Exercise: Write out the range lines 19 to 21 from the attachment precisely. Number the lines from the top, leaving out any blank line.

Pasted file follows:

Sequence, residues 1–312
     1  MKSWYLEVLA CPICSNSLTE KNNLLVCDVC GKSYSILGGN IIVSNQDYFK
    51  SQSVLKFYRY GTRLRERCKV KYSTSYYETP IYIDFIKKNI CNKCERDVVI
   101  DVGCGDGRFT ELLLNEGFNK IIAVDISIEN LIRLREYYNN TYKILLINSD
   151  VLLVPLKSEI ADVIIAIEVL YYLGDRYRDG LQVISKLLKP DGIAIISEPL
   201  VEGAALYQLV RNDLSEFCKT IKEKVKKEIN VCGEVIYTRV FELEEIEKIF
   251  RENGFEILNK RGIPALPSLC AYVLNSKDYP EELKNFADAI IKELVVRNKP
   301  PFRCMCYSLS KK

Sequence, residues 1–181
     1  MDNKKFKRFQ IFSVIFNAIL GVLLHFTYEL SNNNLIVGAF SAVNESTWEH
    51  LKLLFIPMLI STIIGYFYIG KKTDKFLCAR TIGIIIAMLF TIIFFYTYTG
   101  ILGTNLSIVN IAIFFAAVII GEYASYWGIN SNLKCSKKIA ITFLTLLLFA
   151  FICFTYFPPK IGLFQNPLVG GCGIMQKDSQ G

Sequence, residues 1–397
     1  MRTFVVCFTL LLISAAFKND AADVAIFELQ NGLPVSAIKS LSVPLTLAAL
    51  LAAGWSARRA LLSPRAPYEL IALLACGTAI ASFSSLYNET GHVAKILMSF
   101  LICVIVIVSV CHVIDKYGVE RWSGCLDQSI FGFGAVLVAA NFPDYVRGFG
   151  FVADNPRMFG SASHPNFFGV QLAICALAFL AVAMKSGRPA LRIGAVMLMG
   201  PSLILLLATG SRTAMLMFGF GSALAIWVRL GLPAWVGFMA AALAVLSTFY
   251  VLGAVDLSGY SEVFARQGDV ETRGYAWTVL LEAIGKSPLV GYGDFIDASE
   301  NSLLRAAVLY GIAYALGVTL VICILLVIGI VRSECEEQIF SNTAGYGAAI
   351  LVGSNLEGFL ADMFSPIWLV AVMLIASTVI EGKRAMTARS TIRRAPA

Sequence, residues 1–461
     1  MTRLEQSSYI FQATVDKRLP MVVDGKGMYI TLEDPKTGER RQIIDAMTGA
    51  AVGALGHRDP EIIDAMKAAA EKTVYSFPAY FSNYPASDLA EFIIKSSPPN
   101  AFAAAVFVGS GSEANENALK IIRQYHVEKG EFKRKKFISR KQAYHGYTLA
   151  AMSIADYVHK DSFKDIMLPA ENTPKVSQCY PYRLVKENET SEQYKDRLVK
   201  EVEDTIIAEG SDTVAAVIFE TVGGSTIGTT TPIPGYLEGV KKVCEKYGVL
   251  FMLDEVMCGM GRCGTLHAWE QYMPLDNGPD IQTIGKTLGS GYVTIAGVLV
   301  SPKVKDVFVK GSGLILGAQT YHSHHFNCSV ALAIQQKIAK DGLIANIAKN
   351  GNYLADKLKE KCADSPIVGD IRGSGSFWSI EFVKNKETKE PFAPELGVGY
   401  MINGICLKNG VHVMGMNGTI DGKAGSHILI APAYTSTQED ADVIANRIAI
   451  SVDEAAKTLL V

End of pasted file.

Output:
   201  PSLILLLATG SRTAMLMFGF GSALAIWVRL GLPAWVGFMA AALAVLSTFY
   251  VLGAVDLSGY SEVFARQGDV ETRGYAWTVL LEAIGKSPLV GYGDFIDASE
   301  NSLLRAAVLY GIAYALGVTL VICILLVIGI VRSECEEQIF SNTAGYGAAI